Dr. Mangold has been studying invasive plant ecology and restoration ecology in the western U.S. for 15 years.  She received her B.S. in Biology from Iowa State University, M.S. in Abused Land Rehabilitation from Montana State University, and Ph.D. in Land Resources and Environmental Sciences from Montana State University.  She is currently an assistant professor and Extension invasive plant specialist at Montana State University.  Her interests include developing ecologically-based strategies for managing invasive plants and restoring severely degraded plant communities on range and wild land in the northern Rocky Mountain region and northern Great Plains.  As an Extension specialist she strives to disseminate science-based knowledge about invasive plant management/restoration ecology to federal and state land managers, agricultural producers, small acreage owners, and concerned citizens across Montana.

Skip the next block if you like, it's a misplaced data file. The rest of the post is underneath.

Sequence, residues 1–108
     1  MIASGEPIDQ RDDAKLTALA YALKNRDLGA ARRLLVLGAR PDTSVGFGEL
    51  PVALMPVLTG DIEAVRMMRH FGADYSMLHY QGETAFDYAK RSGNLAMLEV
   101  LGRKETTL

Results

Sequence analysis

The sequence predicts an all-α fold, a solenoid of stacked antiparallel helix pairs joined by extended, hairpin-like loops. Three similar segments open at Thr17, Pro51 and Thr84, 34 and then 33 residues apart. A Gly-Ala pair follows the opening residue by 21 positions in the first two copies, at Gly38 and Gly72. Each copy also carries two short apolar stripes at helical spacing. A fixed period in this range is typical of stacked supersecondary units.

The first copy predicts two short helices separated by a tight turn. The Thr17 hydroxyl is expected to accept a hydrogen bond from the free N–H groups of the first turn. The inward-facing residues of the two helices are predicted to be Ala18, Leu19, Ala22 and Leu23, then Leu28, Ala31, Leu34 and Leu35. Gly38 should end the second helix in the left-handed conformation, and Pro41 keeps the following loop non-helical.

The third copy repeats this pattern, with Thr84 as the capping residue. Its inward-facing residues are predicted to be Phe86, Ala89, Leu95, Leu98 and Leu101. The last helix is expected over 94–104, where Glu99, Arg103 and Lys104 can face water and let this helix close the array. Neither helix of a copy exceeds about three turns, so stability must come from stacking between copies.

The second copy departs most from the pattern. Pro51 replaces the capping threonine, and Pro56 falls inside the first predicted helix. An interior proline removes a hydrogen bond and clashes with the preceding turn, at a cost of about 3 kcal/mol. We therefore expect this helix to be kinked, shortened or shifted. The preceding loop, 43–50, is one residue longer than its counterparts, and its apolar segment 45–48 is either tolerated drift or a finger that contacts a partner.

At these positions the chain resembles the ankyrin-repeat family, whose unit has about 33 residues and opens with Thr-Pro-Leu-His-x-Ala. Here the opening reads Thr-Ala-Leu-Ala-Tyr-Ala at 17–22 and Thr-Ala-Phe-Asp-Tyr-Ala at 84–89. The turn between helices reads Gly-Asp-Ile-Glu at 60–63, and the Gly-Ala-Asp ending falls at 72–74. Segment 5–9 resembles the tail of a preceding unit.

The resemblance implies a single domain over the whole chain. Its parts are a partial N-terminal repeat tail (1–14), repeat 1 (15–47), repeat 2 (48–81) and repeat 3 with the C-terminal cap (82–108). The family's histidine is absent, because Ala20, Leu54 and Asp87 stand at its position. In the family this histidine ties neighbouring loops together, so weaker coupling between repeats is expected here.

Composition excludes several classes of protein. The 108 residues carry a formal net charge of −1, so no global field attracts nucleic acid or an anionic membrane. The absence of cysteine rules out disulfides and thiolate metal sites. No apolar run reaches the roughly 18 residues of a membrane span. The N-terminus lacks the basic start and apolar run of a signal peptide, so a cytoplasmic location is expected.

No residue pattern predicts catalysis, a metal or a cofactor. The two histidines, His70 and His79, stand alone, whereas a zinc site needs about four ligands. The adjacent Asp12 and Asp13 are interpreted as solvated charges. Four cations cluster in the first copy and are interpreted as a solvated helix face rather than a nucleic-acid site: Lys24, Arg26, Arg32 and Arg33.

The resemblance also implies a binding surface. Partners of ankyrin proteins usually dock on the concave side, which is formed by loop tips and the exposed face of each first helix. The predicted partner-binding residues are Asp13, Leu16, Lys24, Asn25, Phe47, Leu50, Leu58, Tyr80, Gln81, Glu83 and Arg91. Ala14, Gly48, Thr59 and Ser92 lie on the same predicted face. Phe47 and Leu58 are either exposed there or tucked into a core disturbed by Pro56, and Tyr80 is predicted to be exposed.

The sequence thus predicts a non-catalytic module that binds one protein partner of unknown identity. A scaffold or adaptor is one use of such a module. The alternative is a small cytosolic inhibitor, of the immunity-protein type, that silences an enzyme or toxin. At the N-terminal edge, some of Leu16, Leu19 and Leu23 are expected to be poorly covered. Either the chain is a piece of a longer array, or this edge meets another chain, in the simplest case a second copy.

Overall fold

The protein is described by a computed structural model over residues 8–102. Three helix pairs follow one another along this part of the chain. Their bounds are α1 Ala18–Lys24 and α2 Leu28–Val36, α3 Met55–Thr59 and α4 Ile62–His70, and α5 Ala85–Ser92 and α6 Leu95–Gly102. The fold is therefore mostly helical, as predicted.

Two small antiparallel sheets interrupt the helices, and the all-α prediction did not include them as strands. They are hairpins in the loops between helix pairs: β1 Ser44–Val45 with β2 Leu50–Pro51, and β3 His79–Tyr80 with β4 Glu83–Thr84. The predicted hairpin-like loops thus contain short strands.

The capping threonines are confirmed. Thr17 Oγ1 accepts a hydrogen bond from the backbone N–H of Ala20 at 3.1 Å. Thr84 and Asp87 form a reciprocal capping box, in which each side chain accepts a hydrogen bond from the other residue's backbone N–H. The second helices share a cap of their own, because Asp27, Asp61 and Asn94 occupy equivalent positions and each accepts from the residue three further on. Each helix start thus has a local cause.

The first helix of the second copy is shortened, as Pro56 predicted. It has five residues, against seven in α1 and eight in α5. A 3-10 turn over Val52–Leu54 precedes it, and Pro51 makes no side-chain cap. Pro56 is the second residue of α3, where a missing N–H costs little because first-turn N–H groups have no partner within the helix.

Select Publications:

Fansler, VA and Mangold, JM (2011) Restoring native plants to crested wheatgrass stands.Restoration Ecology 19:16-23.

Mangold, J and Lansverk, A (2011) Western salsify. MT201113AG. Montana State University Extension.

Pokorny, M.L., J.M. Mangold, K. Denny, and J. Hafer.  Managing spotted knapweed (Centaurea biebersteinii) infested rangeland after wildfire.  Invasive Plant Science and Management (In press)

Pokorny, M.L. and J.M.  Mangold.  2009.  Converting pasture land to native-plant-dominated grassland: a case study (Montana).  Ecological Restoration 27:250-253.

James, J.J., J.M. Mangold, and R.L. Sheley.  2009.  Root plasticity of native and invasive Great Basin species in response to soil nitrogen heterogeneity.  Plant Ecology 202:211-220. 

Young, K. and J. Mangold.  2008.  Medusahead (Taeniatherum caput-medusae) outperforms squirreltail (Elymus elymoides) through interference and growth rate.  Invasive Plant Science and Management 1(1):73-81.

Mangold, J.M. and R.L. Sheley.  2008.  Controlling performance of bluebunch wheatgrass and spotted knapweed using nitrogen and sucrose amendments.  Western North American Naturalist68(2):129-137.  

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